Lynne Alston - Patient Story

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"My message is clear: make mammograms a priority, have these conversations with your sisters, aunts, mothers, friends and family. Make each other accountable and make sure that they all go get a mammogram."

— Lynne Alston, Breast Cancer Patient

I was over 40, active, healthy, and had never smoked when I was diagnosed with breast cancer. I am now dedicated to getting the word out to other women, particularly women of color, to make sure they're getting annual mammograms, and to ask questions about their family’s history of cancer. My message is clear: make mammograms a priority, have these conversations with your sisters, aunts, mothers, friends and family. Make each other accountable and make sure that they all go get a mammogram.

My experience with cancer began in 2014 when I discovered a golf-ball-sized lump in my right breast. I found the lump after experiencing pain and tenderness when a young woman I was mentoring gave me a strong hug of appreciation. I was scared and anxious and immediately began calling local hospitals to schedule a mammogram. That turned into a three-step process over several weeks.

First I had the mammogram, then a 3D mammogram, and then a biopsy that diagnosed the stage 3 cancer. I underwent a lumpectomy at the same local hospital, but I still had lingering doubts about the course of treatment that would follow. A cousin of mine put me in touch with a cancer specialist in Texas, who recommended that I seek a second opinion.

Because I had heard good things about Fox Chase Cancer Center, I looked at the website and was impressed by how easy it was to navigate. I called and was directed to a nurse navigator who set up an appointment for me the next day with Lori Goldstein, MD, FASCO, a medical oncologist. I acted quickly, retrieving my records, scans, and films from the community hospital for my appointment the next day at Fox Chase.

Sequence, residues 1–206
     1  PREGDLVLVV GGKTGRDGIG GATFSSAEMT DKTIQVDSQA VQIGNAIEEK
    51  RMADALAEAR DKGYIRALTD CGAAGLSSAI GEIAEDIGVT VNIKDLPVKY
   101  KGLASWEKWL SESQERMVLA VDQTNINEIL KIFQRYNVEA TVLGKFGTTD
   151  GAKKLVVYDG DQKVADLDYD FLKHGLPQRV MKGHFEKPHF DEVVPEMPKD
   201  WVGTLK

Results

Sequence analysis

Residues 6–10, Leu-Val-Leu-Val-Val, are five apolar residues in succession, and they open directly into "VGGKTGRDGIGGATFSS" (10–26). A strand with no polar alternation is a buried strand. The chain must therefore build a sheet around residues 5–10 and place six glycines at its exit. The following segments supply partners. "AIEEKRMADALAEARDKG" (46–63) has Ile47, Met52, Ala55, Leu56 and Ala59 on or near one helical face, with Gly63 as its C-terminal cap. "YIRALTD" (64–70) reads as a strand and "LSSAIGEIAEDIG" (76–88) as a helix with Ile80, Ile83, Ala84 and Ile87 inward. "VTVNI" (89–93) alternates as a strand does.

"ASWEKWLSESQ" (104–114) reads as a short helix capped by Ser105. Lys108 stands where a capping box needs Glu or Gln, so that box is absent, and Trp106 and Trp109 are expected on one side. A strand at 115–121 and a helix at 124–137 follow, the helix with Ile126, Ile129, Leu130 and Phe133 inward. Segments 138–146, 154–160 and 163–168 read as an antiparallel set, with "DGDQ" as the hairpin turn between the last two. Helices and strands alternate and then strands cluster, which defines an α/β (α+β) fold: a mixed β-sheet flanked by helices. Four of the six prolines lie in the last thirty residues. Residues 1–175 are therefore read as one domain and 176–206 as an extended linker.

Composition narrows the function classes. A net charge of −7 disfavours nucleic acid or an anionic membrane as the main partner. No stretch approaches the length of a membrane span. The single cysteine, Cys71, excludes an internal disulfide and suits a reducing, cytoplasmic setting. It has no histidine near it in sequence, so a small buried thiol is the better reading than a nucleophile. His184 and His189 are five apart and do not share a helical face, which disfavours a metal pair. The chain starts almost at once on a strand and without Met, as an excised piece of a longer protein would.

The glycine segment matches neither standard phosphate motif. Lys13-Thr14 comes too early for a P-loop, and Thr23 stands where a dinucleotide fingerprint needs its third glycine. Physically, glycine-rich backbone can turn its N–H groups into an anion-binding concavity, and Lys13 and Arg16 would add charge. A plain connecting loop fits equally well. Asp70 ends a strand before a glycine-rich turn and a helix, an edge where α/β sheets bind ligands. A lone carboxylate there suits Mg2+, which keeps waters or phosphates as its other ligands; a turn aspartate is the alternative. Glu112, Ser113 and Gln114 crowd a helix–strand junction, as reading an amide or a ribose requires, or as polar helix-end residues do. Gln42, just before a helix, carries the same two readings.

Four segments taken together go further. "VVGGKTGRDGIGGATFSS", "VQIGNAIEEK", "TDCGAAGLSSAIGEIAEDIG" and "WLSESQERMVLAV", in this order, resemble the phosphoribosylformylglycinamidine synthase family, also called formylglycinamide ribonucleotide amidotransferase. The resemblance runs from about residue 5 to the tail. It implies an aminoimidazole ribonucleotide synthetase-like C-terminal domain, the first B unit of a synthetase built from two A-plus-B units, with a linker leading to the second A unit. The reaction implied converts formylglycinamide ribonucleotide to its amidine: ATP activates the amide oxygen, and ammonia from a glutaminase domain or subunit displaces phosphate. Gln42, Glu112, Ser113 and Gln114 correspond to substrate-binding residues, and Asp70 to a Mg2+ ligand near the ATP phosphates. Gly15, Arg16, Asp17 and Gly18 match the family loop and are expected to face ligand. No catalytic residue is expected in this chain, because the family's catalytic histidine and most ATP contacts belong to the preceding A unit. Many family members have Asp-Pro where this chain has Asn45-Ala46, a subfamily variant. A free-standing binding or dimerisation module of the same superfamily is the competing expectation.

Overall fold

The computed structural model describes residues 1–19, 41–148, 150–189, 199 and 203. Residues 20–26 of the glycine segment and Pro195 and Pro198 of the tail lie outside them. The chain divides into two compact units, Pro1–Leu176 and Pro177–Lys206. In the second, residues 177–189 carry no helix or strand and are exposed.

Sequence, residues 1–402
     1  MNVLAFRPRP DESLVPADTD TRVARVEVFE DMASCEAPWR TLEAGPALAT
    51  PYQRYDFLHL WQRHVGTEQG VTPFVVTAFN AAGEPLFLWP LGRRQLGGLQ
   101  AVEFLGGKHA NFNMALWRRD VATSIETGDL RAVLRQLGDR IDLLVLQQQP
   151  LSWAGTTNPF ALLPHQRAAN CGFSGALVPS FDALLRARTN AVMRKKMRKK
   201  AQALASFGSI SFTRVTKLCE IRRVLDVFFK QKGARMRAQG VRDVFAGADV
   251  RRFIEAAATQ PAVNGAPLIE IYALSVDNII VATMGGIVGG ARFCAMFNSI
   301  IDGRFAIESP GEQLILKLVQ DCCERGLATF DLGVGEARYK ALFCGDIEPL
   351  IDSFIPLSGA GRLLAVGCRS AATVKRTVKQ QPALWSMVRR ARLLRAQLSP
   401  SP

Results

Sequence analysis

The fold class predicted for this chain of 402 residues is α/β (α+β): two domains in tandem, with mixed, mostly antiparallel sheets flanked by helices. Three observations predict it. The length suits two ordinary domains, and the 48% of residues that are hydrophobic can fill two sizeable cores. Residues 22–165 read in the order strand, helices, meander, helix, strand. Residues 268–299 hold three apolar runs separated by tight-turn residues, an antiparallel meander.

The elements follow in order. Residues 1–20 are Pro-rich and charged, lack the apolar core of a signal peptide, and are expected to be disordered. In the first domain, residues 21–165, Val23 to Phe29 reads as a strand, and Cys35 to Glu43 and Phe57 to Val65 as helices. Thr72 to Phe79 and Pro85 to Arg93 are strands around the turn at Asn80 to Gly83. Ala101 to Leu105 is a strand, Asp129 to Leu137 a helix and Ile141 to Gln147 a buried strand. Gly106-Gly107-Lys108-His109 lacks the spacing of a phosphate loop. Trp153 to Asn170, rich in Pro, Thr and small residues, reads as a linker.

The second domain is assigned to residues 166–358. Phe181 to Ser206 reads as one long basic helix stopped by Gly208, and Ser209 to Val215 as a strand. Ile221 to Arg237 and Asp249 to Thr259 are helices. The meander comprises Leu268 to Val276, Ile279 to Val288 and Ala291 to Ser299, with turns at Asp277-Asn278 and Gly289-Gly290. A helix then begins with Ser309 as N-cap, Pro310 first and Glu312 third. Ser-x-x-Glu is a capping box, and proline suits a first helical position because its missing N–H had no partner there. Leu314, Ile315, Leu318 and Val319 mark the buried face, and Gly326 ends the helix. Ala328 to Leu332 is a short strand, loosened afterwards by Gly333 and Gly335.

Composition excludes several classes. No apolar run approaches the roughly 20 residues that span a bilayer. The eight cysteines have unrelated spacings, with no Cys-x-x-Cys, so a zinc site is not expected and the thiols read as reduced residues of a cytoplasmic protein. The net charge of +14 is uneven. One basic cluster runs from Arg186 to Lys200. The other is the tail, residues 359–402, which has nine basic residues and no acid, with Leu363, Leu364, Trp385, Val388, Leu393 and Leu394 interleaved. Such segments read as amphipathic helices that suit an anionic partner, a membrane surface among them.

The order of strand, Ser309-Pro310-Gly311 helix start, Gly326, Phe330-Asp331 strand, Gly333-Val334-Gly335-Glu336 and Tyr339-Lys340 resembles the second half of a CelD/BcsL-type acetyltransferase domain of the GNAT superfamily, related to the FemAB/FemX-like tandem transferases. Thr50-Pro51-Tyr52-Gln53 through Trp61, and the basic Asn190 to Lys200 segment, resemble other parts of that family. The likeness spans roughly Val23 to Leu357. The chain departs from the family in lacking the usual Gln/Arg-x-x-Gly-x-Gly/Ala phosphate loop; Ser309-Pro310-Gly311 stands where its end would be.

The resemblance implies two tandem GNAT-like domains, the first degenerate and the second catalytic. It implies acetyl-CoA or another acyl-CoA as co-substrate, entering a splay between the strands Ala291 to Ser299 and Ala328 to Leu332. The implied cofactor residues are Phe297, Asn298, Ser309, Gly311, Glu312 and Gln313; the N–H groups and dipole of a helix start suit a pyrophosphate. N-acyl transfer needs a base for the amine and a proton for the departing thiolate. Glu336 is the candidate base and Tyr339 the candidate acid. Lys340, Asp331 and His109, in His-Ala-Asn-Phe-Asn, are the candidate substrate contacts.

Dr. Goldstein impressed me from the first appointment as being very professional, knowledgeable, and competent. I knew I was in good hands. She reviewed by records and did an examination, which determined that I had stage 2, not stage 3, breast cancer.

Since I was very frightened by the diagnosis of breast cancer, I continued to do my own research about treatment and clinical trials. I found one that seemed a good fit for me, but Dr. Goldstein found another one that was more suitable and would include eight rounds of chemotherapy. I enrolled and started the treatment. I had some of the common side effects of chemotherapy, but they were all manageable.

After I completed the chemotherapy, Dr. Goldstein referred me to Stephanie E. Weiss, MD, a radiation oncologist at Fox Chase. Dr. Weiss determined that, because of the size of my breasts, I should receive radiation therapy at a hospital in Center City Philadelphia. Dr. Weiss said she wanted me to the get the best care and that another radiologist would be better suited to treat me. Her selflessness was one of the most moving experiences for me. She would rather discharge me than give me care that wasn’t going to be in my best interest. I will always think that is one of the most admirable things about my Fox Chase experience.

I was able to return to work several weeks after I completed radiation treatment and to resume the life I love—visiting family, entertaining, dining out, and spending time with loved ones. I still have periodic follow-up appointments with Dr. Goldstein, and I continue to do very well, to eat a healthy diet, and to remain mindful of my health. I plan to volunteer at Fox Chase as a community ambassador, and I talk to others and am writing a book about my experiences.

I think back and know that Fox Chase has been a blessing. I enrolled in a clinical trial, and truly know in my heart that the doctors at Fox Chase care about their patients. I am living proof.

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